Be your best self this Holy Month with OneTouch®
When you are caught up in Ramadan it can be difficult to balance your fast and your blood sugar levels.
Planning ahead is always good and when you plan to fast with diabetes it is essential. Your blood glucose level changes throughout the day, affected by food, exercise and medication, but mostly by food.
After a gradual decline during fasting hours, blood glucose levels rise rapidly after Iftar9.
We have put together some low carb recipes for you to try this Ramadan, which are so tasty the whole family will love them too!
Download the OneTouch® Ramadan recipe book here Download
Download your guide to fasting with diabetes
Planning ahead is always good and when you plan to fast with diabetes, it is essential. Your blood glucose level changes throughout the day, affected by food, exercise and medication, but mostly by food. The makers of the OneTouch® brand are here to help.
Check with your diabetes team several months before fasting and follow their recommendations to help you manage your diabetes. Self-monitoring of blood glucose can motivate people with diabetes to become active participants in their own care. Every OneTouch® meter is designed to make it easy to test your blood glucose and help you manage your diabetes.
Here are answers to some frequently asked questions by people with diabetes
Can I draw blood and test my blood glucose during my fast?
YES, testing your blood glucose levels regularly, according to your healthcare professional’s recommendations is important. This will help you to manage your blood glucose level and recognize when your blood sugar levels are high or low.1
May I eat dates while I am breaking my fast?
YES, consumption of 100 g of dates provides 50–100% of the recommended dietary fiber Intake. Dates are high in fructose which is a more powerful sweetener than glucose and it is less rapidly absorbed than sugar, which results in a relatively low glycemic index.1
Can I pray Taraweeh or will this make me at a risk of low blood sugar?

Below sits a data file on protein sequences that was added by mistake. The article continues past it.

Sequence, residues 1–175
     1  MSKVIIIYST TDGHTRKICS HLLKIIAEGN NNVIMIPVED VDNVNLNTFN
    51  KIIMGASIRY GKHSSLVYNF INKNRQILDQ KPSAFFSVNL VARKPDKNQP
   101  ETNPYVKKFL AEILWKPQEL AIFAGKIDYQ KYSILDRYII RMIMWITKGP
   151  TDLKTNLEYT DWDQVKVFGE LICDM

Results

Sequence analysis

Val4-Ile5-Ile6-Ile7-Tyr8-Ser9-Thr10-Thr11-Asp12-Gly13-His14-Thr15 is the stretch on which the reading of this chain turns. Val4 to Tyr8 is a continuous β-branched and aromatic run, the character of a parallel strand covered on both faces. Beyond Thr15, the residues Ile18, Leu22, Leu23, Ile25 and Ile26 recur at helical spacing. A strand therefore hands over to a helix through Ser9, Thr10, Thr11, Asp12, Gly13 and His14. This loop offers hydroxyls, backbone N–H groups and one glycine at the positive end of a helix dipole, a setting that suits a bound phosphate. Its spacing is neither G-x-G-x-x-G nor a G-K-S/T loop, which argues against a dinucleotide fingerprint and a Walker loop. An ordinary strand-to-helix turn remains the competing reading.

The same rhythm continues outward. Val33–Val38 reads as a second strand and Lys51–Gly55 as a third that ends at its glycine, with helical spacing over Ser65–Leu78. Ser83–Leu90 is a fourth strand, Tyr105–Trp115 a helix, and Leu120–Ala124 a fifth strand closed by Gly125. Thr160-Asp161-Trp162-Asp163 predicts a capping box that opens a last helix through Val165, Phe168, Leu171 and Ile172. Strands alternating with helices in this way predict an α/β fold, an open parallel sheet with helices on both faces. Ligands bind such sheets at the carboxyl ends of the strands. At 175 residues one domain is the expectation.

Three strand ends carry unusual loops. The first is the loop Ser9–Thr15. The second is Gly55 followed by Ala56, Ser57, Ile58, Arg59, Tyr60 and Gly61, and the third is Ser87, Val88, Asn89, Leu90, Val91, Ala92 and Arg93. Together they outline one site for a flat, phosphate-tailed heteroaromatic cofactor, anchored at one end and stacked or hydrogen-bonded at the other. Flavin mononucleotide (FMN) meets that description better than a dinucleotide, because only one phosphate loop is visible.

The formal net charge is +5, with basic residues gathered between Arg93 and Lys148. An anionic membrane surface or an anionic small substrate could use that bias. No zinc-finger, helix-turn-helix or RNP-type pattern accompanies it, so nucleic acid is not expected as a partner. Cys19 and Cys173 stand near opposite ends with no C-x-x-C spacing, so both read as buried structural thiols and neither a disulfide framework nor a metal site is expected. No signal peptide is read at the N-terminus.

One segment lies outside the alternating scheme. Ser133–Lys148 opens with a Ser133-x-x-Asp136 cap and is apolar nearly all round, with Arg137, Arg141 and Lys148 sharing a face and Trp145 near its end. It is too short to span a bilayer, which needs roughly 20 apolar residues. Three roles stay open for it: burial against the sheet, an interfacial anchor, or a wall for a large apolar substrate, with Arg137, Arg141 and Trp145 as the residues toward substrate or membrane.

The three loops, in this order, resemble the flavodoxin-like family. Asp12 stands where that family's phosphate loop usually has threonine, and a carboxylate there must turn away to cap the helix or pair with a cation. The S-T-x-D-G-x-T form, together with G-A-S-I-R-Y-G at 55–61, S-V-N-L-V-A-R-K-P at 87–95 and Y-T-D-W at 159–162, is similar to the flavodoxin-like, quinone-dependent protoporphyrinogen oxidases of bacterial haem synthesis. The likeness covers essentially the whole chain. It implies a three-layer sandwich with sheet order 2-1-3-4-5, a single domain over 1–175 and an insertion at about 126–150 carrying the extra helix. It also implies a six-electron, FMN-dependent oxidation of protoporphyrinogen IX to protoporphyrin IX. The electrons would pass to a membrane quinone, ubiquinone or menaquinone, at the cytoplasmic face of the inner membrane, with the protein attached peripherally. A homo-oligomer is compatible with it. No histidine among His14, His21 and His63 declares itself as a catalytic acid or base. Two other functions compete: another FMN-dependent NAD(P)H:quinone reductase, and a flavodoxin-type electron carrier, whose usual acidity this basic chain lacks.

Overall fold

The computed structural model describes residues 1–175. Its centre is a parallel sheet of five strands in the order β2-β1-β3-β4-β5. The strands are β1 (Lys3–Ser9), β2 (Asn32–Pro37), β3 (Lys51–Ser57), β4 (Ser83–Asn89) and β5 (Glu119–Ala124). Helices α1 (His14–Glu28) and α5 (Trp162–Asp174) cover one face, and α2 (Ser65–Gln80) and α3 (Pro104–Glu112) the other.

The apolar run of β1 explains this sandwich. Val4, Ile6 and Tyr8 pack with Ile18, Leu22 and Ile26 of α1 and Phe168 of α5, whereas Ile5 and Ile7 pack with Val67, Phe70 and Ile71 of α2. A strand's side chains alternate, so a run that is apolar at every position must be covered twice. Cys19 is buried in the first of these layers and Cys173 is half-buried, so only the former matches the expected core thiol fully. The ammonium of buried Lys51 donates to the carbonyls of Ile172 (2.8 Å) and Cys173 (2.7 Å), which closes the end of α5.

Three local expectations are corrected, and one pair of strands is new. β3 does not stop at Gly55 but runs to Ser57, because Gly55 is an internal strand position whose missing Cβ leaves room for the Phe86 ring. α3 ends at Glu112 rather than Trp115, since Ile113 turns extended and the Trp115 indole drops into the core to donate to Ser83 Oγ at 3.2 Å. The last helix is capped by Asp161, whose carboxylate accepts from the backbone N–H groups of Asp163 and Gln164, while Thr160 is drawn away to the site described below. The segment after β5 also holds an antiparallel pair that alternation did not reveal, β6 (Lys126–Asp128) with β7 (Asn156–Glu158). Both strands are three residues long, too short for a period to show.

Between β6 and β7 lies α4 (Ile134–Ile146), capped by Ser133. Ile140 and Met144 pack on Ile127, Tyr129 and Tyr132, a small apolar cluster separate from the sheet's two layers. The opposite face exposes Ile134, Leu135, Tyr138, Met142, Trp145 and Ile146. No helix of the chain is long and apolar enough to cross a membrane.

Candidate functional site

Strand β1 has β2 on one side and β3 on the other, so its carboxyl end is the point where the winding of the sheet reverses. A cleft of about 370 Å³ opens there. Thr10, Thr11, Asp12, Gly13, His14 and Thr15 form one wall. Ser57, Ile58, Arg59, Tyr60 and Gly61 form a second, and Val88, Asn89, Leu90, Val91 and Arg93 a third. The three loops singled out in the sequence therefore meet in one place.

YES, Taraweeh prayers should be considered as a part of the daily exercise program but, you should monitor your blood glucose period.
Choose to eat starchy foods with Iftar, which are digested slowly, and to drink plenty of water before prayers period.1
Do I need to wake up for Suhoor?
YES, you must eat a meal at Suhoor just before sunrise and not at midnight as this will help to keep your blood sugar levels more balanced through fasting.2
You are always advised to follow your healthcare professional’s advice. Here is some additional guidance to help you with monitoring your blood glucose during fasting period
At the beginning of the fast and then regularly every 4 h throughout the day.
Test immediately if you feel any symptoms of low/high blood sugar level or you become unwell.
2–4 times daily before, during, and after the fasting period, if you are receiving insulin or insulin secretagogues.
Once or twice daily if you are treated with diet or with antidiabetic agents associated with a low risk of hypoglycemia.
Fasting can put patients with diabetes at risk of dehydration. Here are some tips to help you stay hydrated during your fast
When it’s time to break your fast, consider these tips:
Your Iftar meal should be a healthy, well balanced meal that may consist of:
• Fat as olive oil or oily fat from tuna and sardines and salmon are recommended. (2 teaspoons only)
• When breaking the fast you are hungry and so tend to eat fast, which can lead to overeating as it takes time for your stomach to signal to your brain that it is full. Try to enjoy your meal slowly and stop as soon as you feel full.